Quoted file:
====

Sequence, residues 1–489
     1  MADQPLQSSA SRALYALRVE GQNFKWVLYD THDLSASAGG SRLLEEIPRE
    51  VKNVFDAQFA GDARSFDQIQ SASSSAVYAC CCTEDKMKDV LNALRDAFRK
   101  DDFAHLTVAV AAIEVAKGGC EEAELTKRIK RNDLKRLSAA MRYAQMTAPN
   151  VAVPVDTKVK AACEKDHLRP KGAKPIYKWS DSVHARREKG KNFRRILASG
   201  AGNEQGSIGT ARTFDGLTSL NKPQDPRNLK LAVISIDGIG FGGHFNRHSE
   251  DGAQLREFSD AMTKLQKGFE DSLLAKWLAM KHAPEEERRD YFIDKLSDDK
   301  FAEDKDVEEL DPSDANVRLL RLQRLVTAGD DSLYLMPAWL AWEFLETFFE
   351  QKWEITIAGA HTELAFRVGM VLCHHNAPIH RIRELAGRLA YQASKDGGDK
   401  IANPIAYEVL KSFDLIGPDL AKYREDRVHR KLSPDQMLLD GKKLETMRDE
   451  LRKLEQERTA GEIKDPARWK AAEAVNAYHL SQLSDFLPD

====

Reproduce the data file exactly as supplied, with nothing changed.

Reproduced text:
Sequence, residues 1–489
     1  MADQPLQSSA SRALYALRVE GQNFKWVLYD THDLSASAGG SRLLEEIPRE
    51  VKNVFDAQFA GDARSFDQIQ SASSSAVYAC CCTEDKMKDV LNALRDAFRK
   101  DDFAHLTVAV AAIEVAKGGC EEAELTKRIK RNDLKRLSAA MRYAQMTAPN
   151  VAVPVDTKVK AACEKDHLRP KGAKPIYKWS DSVHARREKG KNFRRILASG
   201  AGNEQGSIGT ARTFDGLTSL NKPQDPRNLK LAVISIDGIG FGGHFNRHSE
   251  DGAQLREFSD AMTKLQKGFE DSLLAKWLAM KHAPEEERRD YFIDKLSDDK
   301  FAEDKDVEEL DPSDANVRLL RLQRLVTAGD DSLYLMPAWL AWEFLETFFE
   351  QKWEITIAGA HTELAFRVGM VLCHHNAPIH RIRELAGRLA YQASKDGGDK
   401  IANPIAYEVL KSFDLIGPDL AKYREDRVHR KLSPDQMLLD GKKLETMRDE
   451  LRKLEQERTA GEIKDPARWK AAEAVNAYHL SQLSDFLPD